UK government intervenes against DVLA strike over COVID-19 safety as union isolates dispute

The Department for Transport (DfT) and the Driver and Vehicle Licensing Agency (DVLA) brought in a private contractor to break the strike by around 700 workers at DVLA offices in Swansea from June 22 to 24. Private contractor APS was used to supply agency staff to print 400,000 V11 forms for car tax.

The DVLA headquarters in Swansea (credit: Wikimedia Commons)

This development shows how invested the Johnson government is in defeating the long -running dispute over demands for workplace safety against the spread of COVID-19. The Swansea office of the DVLA has experienced the largest number of Covid infections linked to a single employer or workplace in the UK. DVLA offices have been hit by strike action by members of the Public Commercial and Services union (PCS) since April over management plans to bring hundreds more staff back into the workplace.

In the face of this state-orchestrated assault, the PCS is isolating the dispute. It has refused to call for a broader mobilisation of its 200,000-strong membership against the trampling of workers’ safety. The PCS has criticized the government for prolonging the dispute and for preventing an agreement between the union and DVLA management that it claims would end industrial action.

The strike at DVLA is the only industrial action over COVID-19 called by any trade union in the UK during the pandemic. Even after the national death toll has surpassed 152,000—one of the highest per capita in the world—and with workplaces such as the DVLA turned into breeding grounds for Covid, the PCS is not challenging the Conservative government on its criminal record, merely that its actions threaten industrial peace.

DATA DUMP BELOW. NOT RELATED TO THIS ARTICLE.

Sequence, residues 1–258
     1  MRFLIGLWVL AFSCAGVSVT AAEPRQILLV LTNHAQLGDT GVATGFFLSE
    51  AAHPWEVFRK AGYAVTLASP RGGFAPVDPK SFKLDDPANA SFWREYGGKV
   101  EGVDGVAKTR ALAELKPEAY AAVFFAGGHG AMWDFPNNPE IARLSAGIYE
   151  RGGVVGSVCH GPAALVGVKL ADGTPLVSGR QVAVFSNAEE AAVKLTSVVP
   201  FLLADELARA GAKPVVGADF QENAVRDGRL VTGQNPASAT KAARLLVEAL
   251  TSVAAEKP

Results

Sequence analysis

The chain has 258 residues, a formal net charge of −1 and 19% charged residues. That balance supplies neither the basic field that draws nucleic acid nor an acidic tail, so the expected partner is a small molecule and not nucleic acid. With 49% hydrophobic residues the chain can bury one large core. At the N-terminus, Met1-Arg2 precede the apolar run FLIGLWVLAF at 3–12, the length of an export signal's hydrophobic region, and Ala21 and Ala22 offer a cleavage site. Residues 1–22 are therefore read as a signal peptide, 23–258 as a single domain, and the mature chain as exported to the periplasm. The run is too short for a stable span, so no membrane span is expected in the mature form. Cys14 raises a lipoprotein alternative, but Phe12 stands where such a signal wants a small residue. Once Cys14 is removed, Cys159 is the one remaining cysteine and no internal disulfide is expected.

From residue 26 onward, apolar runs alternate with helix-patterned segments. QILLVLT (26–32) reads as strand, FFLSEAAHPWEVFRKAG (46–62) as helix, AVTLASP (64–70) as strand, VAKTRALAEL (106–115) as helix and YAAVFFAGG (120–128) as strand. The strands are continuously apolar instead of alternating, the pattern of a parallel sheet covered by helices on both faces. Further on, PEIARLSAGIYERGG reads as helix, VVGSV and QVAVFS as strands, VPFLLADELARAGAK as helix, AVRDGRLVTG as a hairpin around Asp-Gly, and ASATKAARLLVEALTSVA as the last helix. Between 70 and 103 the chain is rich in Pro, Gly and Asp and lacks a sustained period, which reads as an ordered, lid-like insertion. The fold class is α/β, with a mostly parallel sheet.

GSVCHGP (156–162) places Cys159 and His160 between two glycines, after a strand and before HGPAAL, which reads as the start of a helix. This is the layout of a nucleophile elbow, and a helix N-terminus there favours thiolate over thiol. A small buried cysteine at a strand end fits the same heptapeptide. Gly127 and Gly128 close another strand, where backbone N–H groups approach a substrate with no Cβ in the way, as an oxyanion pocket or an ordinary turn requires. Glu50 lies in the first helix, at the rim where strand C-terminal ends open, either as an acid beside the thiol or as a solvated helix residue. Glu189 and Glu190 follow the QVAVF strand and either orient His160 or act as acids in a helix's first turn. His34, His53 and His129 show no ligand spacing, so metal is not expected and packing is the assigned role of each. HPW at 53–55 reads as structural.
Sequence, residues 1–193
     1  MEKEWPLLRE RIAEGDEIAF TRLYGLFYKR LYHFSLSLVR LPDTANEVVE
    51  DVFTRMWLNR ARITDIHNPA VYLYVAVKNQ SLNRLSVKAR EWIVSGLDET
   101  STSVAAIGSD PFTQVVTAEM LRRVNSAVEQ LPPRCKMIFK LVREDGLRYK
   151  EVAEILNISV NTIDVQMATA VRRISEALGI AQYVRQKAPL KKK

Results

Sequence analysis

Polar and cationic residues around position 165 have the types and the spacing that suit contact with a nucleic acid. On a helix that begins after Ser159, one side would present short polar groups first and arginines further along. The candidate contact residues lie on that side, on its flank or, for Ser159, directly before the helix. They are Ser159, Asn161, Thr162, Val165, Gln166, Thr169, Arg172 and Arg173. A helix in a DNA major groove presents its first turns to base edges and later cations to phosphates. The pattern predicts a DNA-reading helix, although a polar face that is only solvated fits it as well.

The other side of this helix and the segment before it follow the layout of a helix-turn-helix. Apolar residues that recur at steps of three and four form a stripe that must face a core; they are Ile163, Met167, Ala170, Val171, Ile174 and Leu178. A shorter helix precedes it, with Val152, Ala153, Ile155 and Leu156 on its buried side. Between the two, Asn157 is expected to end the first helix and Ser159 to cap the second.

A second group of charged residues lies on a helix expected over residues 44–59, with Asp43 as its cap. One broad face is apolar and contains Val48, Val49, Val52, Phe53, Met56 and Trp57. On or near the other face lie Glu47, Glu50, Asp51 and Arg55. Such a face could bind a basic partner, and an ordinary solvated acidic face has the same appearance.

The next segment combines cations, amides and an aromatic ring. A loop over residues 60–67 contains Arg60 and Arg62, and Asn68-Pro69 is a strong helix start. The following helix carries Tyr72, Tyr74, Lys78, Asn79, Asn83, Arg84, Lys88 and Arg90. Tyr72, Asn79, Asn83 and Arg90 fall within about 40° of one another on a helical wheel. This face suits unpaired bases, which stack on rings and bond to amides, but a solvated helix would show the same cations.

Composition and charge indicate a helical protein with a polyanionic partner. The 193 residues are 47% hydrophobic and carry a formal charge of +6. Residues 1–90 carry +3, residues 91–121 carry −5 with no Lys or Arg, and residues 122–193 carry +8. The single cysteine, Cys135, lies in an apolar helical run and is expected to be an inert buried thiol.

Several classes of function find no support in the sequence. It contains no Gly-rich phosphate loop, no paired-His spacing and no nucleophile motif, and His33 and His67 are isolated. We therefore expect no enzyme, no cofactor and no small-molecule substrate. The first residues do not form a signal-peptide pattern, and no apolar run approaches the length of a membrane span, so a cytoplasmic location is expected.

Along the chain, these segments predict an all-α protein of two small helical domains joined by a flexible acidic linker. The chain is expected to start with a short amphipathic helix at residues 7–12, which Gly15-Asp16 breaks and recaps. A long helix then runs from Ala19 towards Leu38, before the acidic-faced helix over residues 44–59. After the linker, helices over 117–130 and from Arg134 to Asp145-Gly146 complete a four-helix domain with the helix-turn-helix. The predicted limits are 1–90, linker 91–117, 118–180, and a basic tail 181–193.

PCS members at DVLA voted in March by 71.6 percent for strike action. They held four days of strikes in April and May, followed by two lots of strike action in June. The strikes were in response to management plans for a return to work in line with the government’s May 17 reopening of the economy and abandonment of lockdown measures.

DVLA workers are not only confronting the plans of the agency but of the government itself. Hence the government’s determination to defeat DVLA strikers to set a wider example that no quarter will be given. The government calculates that the Labour Party and PCS will block the response of the working class to their draconian actions.

In parliament last week, Transport Secretary Grant Shapps twice refused to answer questions about whether he had intervened to prevent an agreement being reached between the DVLA and PCS.

Tonia Antoniazzi, Labour MP for Gower, told the Commons that the agency and PCS had reached a deal some weeks before, which had then been “ideologically refused”. Gower said, “In a development unprecedented in 20 years of civil service negotiations the department subsequently reneged on a deal, much of which they had written themselves, with no word of explanation.”

Antoniazzi asked, “Are PCS right in believing the deal was scuppered at the last minute after the direct intervention of the Secretary of State?” Rather than answering the question, Shapps launched into an account of how much the government had spent on safety at the facility in Swansea, accusing the union of switching to demands about money rather than Covid protection.

PCS general secretary Mark Serwotka accused the minister of “cowardice”, and urged the original agreement be put “back on the table”. Serwotka said, “His attempt to shift the blame on to the hard-working staff at the DVLA for the current impasse is consistent with a minister who lacks the courage to admit what he has done.”

Shapps, the PCS and Labour have showed more urgency in ending the dispute than they have in safeguarding workers against the spread of the virus. Antoniazzi and Serwotka’s intervention denies the incompatibility of the interests of the working class with the government’s herd immunity agenda which has placed the interests of the economy and the profits of the corporations before the protection of life—a policy the British Medical Journal described as “social murder”.